Classics And Chronic Illness – How To Tackle Challenging Reads

Pippa stood up holding pile of books. Pippa is wearing long-sleeved navy blue dress with tiny white spots, with brown hair down. Books are all classics from Wordsworth Collector’s Editions in a rainbow spectrum of pastel colours and titles embroidered in gold. Books top to bottom are The Great Gatsby, The Secret Garden, The Wind In The Willows, Pride and prejudice, a Christmas Carol, withering heights, Jane Eyre, and black beauty.


[AD. This post is not sponsored, but links marked with * are affiliate links. This means that I earn a small commission from any purchases made through these links, at no extra cost to you. Books pictured here are some of the gorgeous Collector’s Editions series*, previously gifted from Wordsworth Editions – my collection is one of my most prized possessions. You can also find more of my favourite reads here!*]

Before we get started, let me leave my more general Tips For Reading With A Chronic Illness post here. You can also find my own published books and eBooks here and say hello on Goodreads here, and just before I hit publish I finished listening to my pal Natasha Lipman’s wonderful podcast episode that explores chronic illness, reading and pacing in more depth. Highly, highly recommend!

For anybody dealing with adversity, reading can be a lifeline.

Whether you’re craving pure escapism in narratives far away from your own or you’re seeking solidarity in stories that mirror what you’re going through, there are books out there that can give you exactly what you need, right when you need it. And I can only speak for myself here, but I truly believe my love of reading has shaped the person I’ve become.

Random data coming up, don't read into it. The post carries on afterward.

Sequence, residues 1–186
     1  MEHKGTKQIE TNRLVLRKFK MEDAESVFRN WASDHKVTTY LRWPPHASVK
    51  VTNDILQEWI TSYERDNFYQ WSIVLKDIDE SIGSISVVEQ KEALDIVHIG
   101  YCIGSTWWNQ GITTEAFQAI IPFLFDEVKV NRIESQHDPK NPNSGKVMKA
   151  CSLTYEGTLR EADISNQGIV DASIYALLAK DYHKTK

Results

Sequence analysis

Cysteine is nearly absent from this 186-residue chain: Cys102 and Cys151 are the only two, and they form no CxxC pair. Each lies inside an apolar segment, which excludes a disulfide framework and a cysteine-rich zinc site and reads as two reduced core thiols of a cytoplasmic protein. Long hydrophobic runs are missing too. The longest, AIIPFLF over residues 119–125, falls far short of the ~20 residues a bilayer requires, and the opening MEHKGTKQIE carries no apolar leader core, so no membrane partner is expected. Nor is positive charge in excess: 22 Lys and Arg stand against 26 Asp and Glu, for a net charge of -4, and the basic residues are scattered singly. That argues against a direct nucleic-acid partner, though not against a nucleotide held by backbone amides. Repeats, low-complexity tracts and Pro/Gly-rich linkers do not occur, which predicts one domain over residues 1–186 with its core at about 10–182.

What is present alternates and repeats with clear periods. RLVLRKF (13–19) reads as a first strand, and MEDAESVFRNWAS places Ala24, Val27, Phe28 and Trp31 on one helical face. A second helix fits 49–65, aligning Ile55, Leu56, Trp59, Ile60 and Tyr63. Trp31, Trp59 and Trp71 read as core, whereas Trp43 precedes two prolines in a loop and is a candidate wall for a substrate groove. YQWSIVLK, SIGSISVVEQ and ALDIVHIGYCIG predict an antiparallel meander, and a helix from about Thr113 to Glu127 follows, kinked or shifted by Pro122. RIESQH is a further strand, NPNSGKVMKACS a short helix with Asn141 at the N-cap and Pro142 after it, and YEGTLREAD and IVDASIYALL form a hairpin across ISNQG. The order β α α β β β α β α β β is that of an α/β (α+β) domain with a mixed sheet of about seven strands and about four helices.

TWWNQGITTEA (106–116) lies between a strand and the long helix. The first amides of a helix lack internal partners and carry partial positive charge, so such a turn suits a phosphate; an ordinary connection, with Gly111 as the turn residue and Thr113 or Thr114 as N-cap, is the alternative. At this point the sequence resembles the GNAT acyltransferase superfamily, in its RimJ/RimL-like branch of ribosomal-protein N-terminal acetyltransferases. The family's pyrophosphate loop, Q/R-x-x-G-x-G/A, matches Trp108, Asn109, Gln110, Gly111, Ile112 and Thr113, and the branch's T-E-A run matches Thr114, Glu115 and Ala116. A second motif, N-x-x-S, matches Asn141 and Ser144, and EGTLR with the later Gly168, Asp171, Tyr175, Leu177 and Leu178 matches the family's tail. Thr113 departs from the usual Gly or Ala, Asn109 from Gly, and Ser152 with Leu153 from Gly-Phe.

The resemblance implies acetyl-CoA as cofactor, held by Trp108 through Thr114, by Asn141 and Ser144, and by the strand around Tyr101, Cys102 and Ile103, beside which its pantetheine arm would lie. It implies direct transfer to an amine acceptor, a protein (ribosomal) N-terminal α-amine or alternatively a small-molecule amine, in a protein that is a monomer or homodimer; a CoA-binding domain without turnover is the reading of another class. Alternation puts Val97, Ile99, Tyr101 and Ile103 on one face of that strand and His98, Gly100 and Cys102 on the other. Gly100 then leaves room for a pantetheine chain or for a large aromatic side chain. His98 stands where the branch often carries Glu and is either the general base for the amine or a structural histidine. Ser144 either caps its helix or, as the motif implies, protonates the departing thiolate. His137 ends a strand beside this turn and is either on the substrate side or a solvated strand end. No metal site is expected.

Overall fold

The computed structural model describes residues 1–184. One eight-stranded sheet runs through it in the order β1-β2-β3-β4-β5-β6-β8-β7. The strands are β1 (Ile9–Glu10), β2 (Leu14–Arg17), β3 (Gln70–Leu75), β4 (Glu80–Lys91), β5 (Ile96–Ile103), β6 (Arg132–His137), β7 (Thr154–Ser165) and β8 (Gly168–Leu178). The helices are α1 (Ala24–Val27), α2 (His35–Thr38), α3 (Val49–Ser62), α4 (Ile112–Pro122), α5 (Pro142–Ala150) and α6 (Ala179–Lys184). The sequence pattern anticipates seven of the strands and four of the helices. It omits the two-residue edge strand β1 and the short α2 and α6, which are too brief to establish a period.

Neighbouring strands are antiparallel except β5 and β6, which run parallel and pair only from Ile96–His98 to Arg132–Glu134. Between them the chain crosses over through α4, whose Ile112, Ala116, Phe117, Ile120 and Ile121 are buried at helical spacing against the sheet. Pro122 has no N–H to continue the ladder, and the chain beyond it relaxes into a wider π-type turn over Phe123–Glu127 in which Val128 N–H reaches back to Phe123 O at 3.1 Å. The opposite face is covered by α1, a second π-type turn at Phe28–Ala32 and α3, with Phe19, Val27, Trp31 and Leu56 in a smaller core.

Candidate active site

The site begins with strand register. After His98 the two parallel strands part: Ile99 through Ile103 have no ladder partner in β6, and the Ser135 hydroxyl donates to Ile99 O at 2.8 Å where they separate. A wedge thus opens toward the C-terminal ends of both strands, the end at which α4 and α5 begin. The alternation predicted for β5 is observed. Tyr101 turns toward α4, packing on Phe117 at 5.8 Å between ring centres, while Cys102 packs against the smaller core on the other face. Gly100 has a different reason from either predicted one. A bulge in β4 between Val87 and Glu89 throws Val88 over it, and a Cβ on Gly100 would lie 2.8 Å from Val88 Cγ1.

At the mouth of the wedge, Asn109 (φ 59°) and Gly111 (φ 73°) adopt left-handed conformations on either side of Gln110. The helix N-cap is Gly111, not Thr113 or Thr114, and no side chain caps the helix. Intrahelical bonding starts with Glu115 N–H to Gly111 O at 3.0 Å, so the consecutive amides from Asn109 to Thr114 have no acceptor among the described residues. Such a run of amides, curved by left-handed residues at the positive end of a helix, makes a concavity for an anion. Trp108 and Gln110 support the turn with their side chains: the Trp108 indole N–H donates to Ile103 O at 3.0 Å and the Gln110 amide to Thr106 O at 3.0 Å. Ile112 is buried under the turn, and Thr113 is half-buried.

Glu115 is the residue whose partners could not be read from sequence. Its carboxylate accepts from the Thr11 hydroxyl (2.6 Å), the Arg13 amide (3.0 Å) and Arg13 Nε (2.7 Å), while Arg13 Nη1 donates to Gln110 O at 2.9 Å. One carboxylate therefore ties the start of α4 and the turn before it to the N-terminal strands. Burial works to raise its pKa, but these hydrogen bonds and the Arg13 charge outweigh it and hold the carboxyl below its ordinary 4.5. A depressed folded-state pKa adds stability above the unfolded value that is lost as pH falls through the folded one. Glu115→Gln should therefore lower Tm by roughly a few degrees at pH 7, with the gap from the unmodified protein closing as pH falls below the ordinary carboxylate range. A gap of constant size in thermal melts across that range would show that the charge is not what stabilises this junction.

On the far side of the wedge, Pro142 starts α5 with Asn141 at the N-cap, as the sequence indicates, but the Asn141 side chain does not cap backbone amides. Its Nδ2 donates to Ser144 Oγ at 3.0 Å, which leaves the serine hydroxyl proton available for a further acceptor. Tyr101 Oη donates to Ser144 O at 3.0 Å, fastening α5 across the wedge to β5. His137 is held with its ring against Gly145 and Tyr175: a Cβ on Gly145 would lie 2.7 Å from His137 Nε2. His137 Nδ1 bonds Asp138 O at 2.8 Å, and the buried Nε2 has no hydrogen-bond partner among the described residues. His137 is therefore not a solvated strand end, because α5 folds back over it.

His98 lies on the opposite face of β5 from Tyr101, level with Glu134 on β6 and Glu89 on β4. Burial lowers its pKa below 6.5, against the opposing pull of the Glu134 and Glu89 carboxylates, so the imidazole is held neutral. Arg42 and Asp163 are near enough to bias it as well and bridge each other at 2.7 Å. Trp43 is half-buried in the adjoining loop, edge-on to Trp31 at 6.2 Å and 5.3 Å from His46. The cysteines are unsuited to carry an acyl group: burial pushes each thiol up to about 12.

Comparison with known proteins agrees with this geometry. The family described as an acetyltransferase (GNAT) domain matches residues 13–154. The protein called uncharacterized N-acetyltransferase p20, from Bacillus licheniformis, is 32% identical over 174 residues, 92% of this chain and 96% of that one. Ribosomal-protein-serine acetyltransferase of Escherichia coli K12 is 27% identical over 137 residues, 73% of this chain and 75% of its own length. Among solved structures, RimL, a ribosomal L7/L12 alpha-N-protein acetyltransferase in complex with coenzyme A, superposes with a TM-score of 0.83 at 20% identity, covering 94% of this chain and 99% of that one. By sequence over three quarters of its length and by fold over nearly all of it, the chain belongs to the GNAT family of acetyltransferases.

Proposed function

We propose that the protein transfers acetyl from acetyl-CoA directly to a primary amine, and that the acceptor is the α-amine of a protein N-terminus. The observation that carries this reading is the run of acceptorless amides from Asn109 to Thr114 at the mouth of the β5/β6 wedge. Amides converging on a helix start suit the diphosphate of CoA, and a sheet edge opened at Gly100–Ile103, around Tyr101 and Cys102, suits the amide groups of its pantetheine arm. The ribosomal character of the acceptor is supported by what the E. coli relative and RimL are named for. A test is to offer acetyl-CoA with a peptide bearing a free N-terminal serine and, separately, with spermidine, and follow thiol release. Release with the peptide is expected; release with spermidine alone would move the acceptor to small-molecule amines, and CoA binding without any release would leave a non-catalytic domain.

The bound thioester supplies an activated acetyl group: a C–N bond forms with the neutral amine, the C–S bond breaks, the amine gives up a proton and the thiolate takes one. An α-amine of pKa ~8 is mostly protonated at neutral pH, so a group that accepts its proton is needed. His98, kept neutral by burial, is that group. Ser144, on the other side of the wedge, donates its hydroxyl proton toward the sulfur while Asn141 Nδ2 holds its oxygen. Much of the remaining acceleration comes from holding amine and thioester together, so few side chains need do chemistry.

The problem, however, is that when you’re dealing with a chronic illness, immersing yourself in the world of reading isn’t always straightforward. Brain fog and cognitive impairment can make it difficult to concentrate, issues with memory can make it trickier to follow plotlines and narratives, and even the simple act of holding a physical book open can be demanding on painful muscles and joints.

As somebody who’s contended with all of the above issues in varying levels of severity over the years, I feel really fortunate that my lifelong love of reading hasn’t been completely jeopardised by my condition. There was only a small period of time where I wasn’t reading at all, but that alone made me realise how much of a privilege this very thing can be.

I usually indulge in books within my comfort zone, mostly contemporary fiction and YA reads. However, as I’ve grown older and wanted to challenge myself more, it’s been necessary to adapt my habits accordingly… and my biggest battle to-date has been with popular classic books*.

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